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Article

Micro-Climate Computed Machine and Deep Learning Models for Prediction of Surface Water Temperature Using Satellite Data in Mundan Water Reservoir

1
Department of Civil Engineering, National Pingtung University of Science & Technology, No. 1, Shuefu Road, Neipu 91201, Pingtung, Taiwan
2
Department of Soil and Water Conservation, National Pingtung University of Science & Technology, No. 1, Shuefu Road, Neipu 91201, Pingtung, Taiwan
*
Author to whom correspondence should be addressed.
Academic Editors: Jin Zhang, Yun Bai and Pei Hua
Water 2022, 14(18), 2935; https://doi.org/10.3390/w14182935
Received: 14 August 2022 / Revised: 5 September 2022 / Accepted: 15 September 2022 / Published: 19 September 2022
Water temperature is an important indicator of water quality for surface water resources because it impacts solubility of dissolved gases in water, affects metabolic rates of aquatic inhabitants, such as fish and harmful algal blooms (HABs), and determines the fate of water resident biogeochemical nutrients. Furthermore, global warming is causing a widespread rise in temperature levels in water sources on a global scale, threatening clean drinking water supplies. Therefore, it is key to increase the frequency of spatio-monitoring for surface water temperature (SWT). However, there is a lack of comprehensive SWT monitoring datasets because current methods for monitoring SWT are costly, time consuming, and not standardized. The research objective of this study was to estimate SWT using data from the Landsat-8 (L8) and Sentinel-3 (S3) satellites. To do this, we used machine learning techniques, such as Support Vector Regression (SVR), Gaussian Process Regression (GPR), simple neural network (ANN), and deep learning techniques (Long Short Term Memory, LSTM, and Convolutional Long Short Term Memory, 1D ConvLSTM). Using deep and machine learning techniques to regress satellite data to estimate SWT presents a number of challenges, including prediction uncertainty, over- or under-estimation of measured values, and significant variation in the final estimated data. The performance of the L8 ConvLSTM model was superior to all other methods (R2 of 0.93 RMSE of 0.16 °C, and bias of 0.01 °C). The factors that had a significant effect on the model’s accuracy performance were identified and quantified using a two-factor analysis of variance (ANOVA) analysis. The results demonstrate that the main effects and interaction of the type of machine/deep learning (ML/DL) model and the type of satellite have statistically significant effects on the performances of the different models. The test statistics are as follows: (satellite type main effect p *** ≤ 0.05, Ftest = 15.4478), (type of ML/DL main effect p *** ≤ 0.05, Ftest = 17.4607) and (interaction, satellite type × type of ML/DL p ** ≤ 0.05, Ftest = 3.5325), respectively. The models were successfully deployed to enable satellite remote sensing monitoring of SWT for the reservoir, which will help to resolve the limitations of the conventional sampling and laboratory techniques. View Full-Text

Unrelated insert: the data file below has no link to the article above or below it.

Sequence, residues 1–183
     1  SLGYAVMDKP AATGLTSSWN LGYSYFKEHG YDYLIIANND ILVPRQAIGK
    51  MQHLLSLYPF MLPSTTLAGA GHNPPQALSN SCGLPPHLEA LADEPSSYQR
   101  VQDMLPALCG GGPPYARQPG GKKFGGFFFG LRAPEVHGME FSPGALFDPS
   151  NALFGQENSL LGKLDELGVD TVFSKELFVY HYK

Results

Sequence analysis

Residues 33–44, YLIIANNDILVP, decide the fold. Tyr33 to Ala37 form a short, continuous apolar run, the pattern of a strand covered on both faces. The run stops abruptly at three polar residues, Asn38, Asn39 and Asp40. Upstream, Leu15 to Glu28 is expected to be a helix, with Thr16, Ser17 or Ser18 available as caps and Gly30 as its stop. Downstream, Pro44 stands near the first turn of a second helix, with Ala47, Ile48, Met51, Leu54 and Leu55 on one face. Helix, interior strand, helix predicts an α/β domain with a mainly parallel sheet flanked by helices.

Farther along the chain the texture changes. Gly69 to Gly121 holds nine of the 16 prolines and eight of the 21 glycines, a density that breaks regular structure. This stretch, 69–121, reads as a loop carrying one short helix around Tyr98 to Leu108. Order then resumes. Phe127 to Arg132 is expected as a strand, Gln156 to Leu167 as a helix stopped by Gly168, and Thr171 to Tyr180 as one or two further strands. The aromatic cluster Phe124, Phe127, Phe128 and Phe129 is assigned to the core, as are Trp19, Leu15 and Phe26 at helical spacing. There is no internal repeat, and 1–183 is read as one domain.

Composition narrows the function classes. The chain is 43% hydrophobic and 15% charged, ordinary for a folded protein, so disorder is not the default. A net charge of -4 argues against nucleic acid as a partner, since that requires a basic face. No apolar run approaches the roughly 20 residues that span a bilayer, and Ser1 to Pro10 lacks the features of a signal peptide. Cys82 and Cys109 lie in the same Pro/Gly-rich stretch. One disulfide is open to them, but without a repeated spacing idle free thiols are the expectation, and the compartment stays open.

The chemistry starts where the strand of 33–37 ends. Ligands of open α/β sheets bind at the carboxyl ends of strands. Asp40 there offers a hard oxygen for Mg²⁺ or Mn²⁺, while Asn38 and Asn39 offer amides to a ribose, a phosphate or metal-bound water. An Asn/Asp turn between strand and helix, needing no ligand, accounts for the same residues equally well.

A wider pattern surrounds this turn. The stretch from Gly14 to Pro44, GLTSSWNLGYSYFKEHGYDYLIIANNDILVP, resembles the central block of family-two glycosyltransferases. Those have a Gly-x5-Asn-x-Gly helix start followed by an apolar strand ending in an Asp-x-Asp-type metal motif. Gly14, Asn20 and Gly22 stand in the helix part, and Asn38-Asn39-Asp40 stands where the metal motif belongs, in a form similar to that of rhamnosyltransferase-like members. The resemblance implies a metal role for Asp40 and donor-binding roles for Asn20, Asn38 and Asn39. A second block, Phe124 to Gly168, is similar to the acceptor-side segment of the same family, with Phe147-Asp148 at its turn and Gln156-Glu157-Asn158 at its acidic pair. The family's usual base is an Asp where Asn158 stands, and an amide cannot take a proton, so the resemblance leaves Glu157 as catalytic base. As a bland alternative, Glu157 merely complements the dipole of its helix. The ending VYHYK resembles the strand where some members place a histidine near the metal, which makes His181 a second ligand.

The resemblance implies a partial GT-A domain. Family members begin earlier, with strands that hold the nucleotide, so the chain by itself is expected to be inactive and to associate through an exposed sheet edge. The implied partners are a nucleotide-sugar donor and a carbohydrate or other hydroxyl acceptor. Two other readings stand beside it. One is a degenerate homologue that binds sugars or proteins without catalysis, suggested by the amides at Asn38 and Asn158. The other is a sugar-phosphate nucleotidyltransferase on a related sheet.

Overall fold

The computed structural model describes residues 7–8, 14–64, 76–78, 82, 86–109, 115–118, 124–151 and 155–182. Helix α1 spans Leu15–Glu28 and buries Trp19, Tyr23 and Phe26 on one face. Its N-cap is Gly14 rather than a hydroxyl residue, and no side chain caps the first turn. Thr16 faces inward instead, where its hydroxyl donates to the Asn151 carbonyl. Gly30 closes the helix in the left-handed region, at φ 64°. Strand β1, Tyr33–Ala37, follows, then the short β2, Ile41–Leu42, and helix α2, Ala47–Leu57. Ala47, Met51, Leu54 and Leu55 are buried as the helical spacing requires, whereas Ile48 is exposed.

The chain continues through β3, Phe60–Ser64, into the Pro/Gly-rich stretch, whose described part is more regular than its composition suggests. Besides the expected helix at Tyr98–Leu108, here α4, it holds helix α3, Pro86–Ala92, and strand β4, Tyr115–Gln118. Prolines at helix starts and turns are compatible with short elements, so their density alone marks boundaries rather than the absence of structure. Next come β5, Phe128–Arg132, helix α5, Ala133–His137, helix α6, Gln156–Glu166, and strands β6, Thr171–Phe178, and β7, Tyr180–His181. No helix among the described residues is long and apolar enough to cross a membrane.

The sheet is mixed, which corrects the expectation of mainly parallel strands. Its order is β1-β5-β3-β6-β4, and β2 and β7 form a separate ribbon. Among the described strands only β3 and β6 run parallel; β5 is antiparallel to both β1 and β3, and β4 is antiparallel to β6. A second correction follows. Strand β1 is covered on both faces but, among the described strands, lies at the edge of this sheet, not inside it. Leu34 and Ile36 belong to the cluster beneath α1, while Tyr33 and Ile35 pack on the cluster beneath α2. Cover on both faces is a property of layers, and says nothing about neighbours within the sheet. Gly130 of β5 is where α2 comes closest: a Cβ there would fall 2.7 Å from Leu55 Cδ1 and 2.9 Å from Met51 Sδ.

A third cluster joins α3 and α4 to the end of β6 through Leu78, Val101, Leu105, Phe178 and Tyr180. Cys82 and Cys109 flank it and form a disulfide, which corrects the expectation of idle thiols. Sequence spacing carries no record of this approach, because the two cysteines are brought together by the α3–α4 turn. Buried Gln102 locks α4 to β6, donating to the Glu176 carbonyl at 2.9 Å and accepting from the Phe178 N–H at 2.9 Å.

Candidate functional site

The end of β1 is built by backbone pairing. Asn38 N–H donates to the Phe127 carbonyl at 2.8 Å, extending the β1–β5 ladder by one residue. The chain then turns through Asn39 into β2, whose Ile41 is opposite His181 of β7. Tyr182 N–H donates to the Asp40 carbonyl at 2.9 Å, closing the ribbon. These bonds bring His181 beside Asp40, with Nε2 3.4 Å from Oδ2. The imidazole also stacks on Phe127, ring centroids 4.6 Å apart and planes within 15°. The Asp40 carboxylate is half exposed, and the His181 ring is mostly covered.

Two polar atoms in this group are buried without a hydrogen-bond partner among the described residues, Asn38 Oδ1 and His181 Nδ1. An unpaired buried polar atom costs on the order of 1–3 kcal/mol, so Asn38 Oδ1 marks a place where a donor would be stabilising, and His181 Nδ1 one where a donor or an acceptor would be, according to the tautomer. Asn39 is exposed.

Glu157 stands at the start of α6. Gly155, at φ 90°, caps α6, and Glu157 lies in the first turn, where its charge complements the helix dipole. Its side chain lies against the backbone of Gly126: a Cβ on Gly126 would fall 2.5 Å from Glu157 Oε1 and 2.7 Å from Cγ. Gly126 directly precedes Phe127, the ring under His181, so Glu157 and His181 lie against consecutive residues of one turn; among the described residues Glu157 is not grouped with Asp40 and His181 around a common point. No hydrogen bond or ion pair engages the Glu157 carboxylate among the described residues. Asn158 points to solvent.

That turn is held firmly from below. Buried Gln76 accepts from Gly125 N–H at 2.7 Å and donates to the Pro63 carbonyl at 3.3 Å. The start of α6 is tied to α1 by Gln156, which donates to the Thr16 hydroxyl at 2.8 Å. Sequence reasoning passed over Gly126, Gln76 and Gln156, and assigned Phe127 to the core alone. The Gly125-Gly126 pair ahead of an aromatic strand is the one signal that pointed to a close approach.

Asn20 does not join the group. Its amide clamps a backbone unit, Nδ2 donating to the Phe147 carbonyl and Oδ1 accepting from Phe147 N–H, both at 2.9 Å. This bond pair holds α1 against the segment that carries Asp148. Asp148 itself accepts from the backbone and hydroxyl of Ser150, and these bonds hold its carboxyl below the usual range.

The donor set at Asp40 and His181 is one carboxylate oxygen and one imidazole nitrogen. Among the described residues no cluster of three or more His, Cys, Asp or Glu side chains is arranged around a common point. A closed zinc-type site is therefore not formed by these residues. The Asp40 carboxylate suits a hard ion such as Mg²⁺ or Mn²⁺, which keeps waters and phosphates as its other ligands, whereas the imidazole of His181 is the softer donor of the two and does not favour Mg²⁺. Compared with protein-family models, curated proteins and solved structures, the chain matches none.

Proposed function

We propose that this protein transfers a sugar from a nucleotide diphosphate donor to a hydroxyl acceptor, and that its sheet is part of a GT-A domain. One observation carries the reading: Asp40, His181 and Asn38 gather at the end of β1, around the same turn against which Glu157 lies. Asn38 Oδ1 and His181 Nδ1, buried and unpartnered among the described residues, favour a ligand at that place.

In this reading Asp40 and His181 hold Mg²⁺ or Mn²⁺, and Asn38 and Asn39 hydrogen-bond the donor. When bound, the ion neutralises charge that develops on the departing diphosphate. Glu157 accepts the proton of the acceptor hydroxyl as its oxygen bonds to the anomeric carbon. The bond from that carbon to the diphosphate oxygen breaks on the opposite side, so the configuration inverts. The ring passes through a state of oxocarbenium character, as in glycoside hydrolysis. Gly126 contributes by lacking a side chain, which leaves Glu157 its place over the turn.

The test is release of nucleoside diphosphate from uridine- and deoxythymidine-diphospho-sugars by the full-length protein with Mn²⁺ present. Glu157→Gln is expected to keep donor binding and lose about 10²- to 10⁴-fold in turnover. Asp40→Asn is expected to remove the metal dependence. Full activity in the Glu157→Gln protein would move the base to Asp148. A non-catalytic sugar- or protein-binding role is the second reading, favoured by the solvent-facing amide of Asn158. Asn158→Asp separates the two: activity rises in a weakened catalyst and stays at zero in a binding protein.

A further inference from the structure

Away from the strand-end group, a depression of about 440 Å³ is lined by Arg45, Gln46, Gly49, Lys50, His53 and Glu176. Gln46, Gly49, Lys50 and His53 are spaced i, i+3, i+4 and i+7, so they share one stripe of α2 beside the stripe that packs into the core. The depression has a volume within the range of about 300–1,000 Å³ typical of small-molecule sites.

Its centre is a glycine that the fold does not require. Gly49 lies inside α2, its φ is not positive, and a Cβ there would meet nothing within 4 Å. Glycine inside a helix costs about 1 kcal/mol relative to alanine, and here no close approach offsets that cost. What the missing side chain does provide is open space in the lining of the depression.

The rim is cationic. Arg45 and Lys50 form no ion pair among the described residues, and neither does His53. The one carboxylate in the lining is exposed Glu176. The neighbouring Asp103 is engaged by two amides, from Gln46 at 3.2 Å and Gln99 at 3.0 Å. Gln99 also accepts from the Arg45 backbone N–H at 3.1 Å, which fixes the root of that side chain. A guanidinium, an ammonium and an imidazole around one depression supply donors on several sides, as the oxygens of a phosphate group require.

Keywords: water quality; water temperature; machine and deep learning; uncertainties; Landsat-8; Sentinel-3 water quality; water temperature; machine and deep learning; uncertainties; Landsat-8; Sentinel-3
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MDPI and ACS Style

Mukonza, S.S.; Chiang, J.-L. Micro-Climate Computed Machine and Deep Learning Models for Prediction of Surface Water Temperature Using Satellite Data in Mundan Water Reservoir. Water 2022, 14, 2935. https://doi.org/10.3390/w14182935

AMA Style

Mukonza SS, Chiang J-L. Micro-Climate Computed Machine and Deep Learning Models for Prediction of Surface Water Temperature Using Satellite Data in Mundan Water Reservoir. Water. 2022; 14(18):2935. https://doi.org/10.3390/w14182935

Chicago/Turabian Style

Mukonza, Sabastian Simbarashe, and Jie-Lun Chiang. 2022. "Micro-Climate Computed Machine and Deep Learning Models for Prediction of Surface Water Temperature Using Satellite Data in Mundan Water Reservoir" Water 14, no. 18: 2935. https://doi.org/10.3390/w14182935

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